World history is the study of major civilizations over the last 3000 years or so. It has led to highly controversial interpretations by Oswald Spengler and Arnold J. Toynbee, among others. World history is especially important as a teaching field. It has increasingly entered the university curriculum in the U.S., in many cases replacing courses in Western Civilization, that had a focus on Europe and the U.S. World history adds extensive new material on Asia, Africa and Latin America.
- History of Eurasia is the collective history of several distinct peripheral coastal regions: the Middle East, South Asia, East Asia, Southeast Asia, and Europe, linked by the interior mass of the Eurasian steppe of Central Asia and Eastern Europe.
- History of Europe describes the passage of time from humans inhabiting the European continent to the present day.
Social history is the study of how societies adapt and change over periods of time. Social history is an area of historical study considered by some to be a social science that attempts to view historical evidence from the point of view of developing social trends. In this view, it may include areas of economic history, legal history and the analysis of other aspects of civil society that show the evolution of social norms, behaviors and more.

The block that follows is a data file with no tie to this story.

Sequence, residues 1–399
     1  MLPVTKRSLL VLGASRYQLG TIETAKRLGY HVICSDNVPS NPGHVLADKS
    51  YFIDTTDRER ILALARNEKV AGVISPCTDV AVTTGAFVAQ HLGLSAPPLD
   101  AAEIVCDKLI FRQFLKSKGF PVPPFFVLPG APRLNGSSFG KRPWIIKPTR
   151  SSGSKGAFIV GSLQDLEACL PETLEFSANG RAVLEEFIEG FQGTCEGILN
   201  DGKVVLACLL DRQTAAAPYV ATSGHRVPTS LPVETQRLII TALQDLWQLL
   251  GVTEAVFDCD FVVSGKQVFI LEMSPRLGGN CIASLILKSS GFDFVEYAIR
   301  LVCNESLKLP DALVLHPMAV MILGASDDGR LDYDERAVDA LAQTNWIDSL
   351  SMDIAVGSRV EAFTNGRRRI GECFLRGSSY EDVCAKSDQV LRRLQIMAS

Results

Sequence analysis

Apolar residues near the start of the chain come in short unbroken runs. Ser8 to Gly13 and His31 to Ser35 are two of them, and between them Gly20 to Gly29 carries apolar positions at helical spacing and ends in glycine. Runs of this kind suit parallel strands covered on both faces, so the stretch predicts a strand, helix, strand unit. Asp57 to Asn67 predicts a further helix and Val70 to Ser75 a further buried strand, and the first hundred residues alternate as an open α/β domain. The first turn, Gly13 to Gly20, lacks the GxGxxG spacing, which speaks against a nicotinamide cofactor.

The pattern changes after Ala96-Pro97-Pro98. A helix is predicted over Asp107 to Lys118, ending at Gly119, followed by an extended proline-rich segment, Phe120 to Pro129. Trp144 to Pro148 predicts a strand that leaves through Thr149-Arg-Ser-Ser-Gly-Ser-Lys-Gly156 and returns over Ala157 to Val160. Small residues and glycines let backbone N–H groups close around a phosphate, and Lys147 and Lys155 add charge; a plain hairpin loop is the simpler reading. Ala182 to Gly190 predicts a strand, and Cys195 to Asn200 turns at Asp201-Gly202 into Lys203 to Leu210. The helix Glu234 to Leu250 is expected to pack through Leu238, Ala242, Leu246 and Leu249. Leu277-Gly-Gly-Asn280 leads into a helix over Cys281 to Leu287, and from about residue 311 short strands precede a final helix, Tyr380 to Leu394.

Cultural history replaced social history as the dominant form in the 1980s and 1990s. It typically combines the approaches of anthropology and history to look at language, popular cultural traditions and cultural interpretations of historical experience. It examines the records and narrative descriptions of past knowledge, customs, and arts of a group of people. How peoples constructed their memory of the past is a major topic.